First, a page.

Let’s assume you use pytest for running your tests, which is certainly a good idea. Your CLI program is called foobar.

You have prepared a setup.py with a CLI entrypoint. For the tests you have prepared a tests/ folder (outside of foobar/, because you don’t want your tests to be packaged up with your application code).

Then your directory layout looks somewhat like one of our examples.


You can easily generate a CLI project of your own from one of the examples of Python CLI test helpers using Copier, e.g.

$ copier copy gh:painless-software/python-cli-test-helpers my-cli

Functional tests

Start with a simple set of functional tests:

  • Is the entrypoint script installed? (tests the configuration in your setup.py)

  • Can this package be run as a Python module? (i.e. without having to be installed)

  • Is command XYZ available? etc. Cover your entire CLI usage here!

This is almost a stupid exercise: Run the command as a shell command and inspect the exit code of the exiting process, e.g.

def test_runas_module():
    """Can this package be run as a Python module?"""
    result = shell('python -m foobar --help')
    assert result.exit_code == 0
def test_entrypoint():
    """Is entrypoint script installed? (setup.py)"""
    result = shell('foobar --help')
    assert result.exit_code == 0

The trick is that you run a non-destructive command, e.g. by using the usual --help option of every command. This should cover your entire CLI user interface definition.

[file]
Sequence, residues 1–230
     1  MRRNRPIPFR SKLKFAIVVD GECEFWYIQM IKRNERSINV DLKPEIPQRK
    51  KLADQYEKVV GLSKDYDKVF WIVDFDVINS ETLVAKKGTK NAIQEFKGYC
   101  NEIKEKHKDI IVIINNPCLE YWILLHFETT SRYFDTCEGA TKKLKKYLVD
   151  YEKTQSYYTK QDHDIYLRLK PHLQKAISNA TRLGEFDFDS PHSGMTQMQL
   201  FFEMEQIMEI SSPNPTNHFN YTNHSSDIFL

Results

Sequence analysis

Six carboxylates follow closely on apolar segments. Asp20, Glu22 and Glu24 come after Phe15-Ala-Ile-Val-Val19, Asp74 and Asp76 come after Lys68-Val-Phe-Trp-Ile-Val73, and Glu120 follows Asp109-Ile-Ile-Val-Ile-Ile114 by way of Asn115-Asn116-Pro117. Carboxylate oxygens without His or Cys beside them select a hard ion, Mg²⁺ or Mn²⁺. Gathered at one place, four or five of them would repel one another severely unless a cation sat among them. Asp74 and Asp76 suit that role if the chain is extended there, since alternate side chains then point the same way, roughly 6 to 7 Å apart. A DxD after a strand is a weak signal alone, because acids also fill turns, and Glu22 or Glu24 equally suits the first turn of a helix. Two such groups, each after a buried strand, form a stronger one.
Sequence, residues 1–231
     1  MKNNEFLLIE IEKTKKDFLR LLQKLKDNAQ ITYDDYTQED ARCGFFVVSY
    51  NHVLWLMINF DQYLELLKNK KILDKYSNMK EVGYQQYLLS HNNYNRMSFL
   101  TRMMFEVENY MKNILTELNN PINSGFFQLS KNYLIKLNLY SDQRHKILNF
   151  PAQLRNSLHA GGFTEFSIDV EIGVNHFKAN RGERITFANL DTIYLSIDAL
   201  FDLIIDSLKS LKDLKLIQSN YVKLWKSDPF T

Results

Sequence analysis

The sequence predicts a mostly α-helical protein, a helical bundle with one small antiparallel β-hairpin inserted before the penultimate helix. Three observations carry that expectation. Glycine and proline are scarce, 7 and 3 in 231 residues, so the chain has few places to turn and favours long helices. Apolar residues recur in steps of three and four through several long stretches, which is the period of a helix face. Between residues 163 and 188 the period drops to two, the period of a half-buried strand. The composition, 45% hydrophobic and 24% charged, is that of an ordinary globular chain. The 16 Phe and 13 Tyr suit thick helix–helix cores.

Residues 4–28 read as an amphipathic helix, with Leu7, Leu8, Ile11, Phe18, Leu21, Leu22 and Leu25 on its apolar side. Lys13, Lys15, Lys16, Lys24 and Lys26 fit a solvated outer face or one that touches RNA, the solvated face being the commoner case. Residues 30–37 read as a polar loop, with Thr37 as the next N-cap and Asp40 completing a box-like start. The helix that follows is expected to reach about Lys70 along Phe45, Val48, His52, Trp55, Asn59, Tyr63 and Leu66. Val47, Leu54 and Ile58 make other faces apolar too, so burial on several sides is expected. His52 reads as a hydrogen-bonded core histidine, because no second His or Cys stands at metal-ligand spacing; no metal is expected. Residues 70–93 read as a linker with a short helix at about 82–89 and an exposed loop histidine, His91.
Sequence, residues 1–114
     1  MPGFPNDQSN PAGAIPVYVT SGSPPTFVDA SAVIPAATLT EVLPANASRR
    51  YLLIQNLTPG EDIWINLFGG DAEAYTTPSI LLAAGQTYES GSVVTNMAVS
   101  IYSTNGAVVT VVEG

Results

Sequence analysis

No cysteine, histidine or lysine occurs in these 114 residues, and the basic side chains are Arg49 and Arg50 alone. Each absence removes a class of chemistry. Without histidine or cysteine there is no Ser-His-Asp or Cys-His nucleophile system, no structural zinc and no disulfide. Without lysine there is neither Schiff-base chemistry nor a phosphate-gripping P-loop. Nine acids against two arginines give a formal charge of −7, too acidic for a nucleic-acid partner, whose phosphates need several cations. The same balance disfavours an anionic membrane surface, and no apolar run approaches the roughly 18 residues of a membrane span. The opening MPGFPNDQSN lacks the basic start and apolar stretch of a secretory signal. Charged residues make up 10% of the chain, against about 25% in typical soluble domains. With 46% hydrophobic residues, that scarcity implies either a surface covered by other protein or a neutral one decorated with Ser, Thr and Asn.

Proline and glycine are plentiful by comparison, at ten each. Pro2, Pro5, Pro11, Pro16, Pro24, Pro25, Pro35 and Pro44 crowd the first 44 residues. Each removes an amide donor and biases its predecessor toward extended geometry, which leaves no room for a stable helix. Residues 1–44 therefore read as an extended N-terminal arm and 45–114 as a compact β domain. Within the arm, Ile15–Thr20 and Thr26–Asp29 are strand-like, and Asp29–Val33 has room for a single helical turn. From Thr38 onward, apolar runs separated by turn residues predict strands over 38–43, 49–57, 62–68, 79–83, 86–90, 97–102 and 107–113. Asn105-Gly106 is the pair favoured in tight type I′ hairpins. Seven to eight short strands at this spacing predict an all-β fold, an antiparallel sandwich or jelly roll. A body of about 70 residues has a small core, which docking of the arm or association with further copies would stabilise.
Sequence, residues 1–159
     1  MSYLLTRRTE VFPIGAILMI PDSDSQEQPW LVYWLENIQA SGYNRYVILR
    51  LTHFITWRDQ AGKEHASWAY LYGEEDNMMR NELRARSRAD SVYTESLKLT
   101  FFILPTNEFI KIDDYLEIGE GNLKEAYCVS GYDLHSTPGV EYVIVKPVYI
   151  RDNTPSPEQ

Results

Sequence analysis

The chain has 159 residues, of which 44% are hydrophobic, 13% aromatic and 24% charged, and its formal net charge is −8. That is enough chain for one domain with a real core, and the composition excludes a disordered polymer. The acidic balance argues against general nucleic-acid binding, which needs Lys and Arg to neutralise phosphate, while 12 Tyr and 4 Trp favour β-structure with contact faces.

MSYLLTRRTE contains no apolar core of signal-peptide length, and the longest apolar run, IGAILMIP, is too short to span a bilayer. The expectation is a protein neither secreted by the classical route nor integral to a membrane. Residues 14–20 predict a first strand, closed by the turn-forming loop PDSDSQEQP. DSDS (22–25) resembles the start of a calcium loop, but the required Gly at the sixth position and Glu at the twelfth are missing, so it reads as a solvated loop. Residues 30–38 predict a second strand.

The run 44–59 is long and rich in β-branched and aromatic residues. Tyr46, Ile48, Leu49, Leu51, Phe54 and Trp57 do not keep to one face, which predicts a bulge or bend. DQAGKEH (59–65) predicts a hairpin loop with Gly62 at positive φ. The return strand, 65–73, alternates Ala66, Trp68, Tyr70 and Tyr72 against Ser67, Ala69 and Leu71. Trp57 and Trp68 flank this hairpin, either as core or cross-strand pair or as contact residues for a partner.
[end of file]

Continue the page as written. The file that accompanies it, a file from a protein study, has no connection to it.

See more example code.

Unit tests

Then you’re ready to take advantage of our helpers.


ArgvContext allows you to mimic the use of specific CLI arguments:

def test_get_action():
    """Is action argument (get/set) available?"""
    with ArgvContext('foobar', 'get'):
        args = foobar.cli.parse_arguments()

    assert args.action == 'get'

If you don’t have argument parsing in a dedicated function you can combine this approach with mocking a target function, e.g.

def test_cli_command(mock_command):
    """Is the correct code called when invoked via the CLI?"""
    with ArgvContext('foobar', 'baz'), pytest.raises(SystemExit):

    assert mock_command.called

See more example code.


EnvironContext allows you to mimic the presence (or absence) of environment variables:

def test_fail_without_secret():
    """Must fail without a ``SECRET`` env variable specified"""
    message_regex = "Environment value SECRET not set."

    with EnvironContext(SECRET=None):
        with pytest.raises(SystemExit, match=message_regex):
            pytest.fail("CLI doesn't abort with missing SECRET")

See more example code.